TOBY WU is a gay Chinese American from New York City. He moved to the Bay Area over 3 years ago to study at Stanford’s Teacher Education Program and is now a first grade teacher at a new charter school in Oakland, California. His passion for education is in engaging students with how they learn about the world around them.
“When I see kids start to develop their identities, I’m reminded to step out of my own context and engage with them more on their terms. Teaching is, in part, about how we communicate what the world is without passing on our own baggage.”
Prior to teaching, Toby served in several programming roles in Asian American youth development organizations in NYC. Since coming to America when he was 8 years old, he was always made aware of his Chinese identity. Fortunately, from a young age, Toby has been surrounded by queer API mentors and friends growing up and developed a strong queer Asian identity.
At API Equality – Northern California, Toby is an interviewer and transcriber for the Dragon Fruit Project. Listening to stories of gay men who have already been in their 20’s made him question his own life as a young adult.
“There are pipelines to how we should be and who we should become, but I want to create my own, unique narrative of who I am and what kind of life I live. Dragon Fruit made me think about my own past and helped me answer those questions for myself.”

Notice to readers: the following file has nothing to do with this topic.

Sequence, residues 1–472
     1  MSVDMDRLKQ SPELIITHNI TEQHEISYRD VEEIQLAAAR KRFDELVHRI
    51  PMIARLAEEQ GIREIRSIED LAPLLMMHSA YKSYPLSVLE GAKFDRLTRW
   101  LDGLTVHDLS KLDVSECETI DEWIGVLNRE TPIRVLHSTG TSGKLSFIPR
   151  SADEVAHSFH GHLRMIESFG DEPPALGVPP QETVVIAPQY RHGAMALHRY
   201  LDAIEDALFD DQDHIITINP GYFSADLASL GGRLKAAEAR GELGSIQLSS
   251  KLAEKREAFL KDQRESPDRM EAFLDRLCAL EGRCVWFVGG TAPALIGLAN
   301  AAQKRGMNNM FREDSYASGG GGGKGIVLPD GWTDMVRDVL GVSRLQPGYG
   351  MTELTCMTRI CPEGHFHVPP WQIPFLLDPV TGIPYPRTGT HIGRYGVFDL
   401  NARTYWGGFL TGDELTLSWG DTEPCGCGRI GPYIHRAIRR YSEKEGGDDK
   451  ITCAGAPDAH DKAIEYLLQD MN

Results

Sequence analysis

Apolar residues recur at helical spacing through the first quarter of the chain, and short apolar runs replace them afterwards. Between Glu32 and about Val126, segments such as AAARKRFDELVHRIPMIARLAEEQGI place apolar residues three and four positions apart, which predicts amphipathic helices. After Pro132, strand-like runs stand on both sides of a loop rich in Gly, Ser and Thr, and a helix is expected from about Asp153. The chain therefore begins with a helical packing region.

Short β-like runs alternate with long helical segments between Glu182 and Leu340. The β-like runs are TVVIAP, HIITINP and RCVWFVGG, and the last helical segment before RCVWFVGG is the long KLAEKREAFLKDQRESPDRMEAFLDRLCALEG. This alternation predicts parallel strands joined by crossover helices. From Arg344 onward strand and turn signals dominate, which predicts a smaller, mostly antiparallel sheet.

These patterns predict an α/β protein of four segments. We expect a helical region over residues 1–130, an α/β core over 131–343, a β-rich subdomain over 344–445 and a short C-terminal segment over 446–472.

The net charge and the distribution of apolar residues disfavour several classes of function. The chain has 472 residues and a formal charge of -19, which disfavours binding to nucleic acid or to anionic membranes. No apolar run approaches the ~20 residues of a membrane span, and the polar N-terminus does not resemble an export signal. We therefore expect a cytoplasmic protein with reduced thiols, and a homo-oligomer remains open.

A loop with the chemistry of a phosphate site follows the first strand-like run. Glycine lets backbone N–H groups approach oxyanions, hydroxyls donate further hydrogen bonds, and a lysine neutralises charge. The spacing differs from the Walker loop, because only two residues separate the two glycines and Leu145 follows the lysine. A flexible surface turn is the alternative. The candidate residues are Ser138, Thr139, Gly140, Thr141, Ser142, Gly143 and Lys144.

After coming out to his mom at the age of 13, Toby’s hope for the LGBTQ API community is to evolve the conversations we’ve been having. That is, to not have conversations about whether or not we have humanity, but what our humanity is like.
“I want to have conversations with my family that are more than just ‘I’m gay,’ but that negotiate what it really means for me to be gay and what it means for my parents to have a gay son. I want to extend the conversation to dating, love, and work. Conversations that more accurately reflect who I am and what experiences I have.”
Toby’s most memorable moment at API Equality – Northern California was when he volunteered for Dragon Fruit film day. Amy Sueyoshi and Tina Takamoto said they were interviewing “Helen” and when she arrived Toby was shocked to see it was actually long-time scholar and activist Helen Zia. “This is exactly why I came to the Bay Area! It’s great to feel like I am part of this extended queer Asian American community here.”
APIE-NC is all about creating deeper conversations. Want to delve deep into the work of creating positive community connections within and beyond LGBTQ communities? Share your energy and volunteer with Toby in the Dragon Fruit Project, or any of the many initiatives APIE-NC spearheads throughout the year.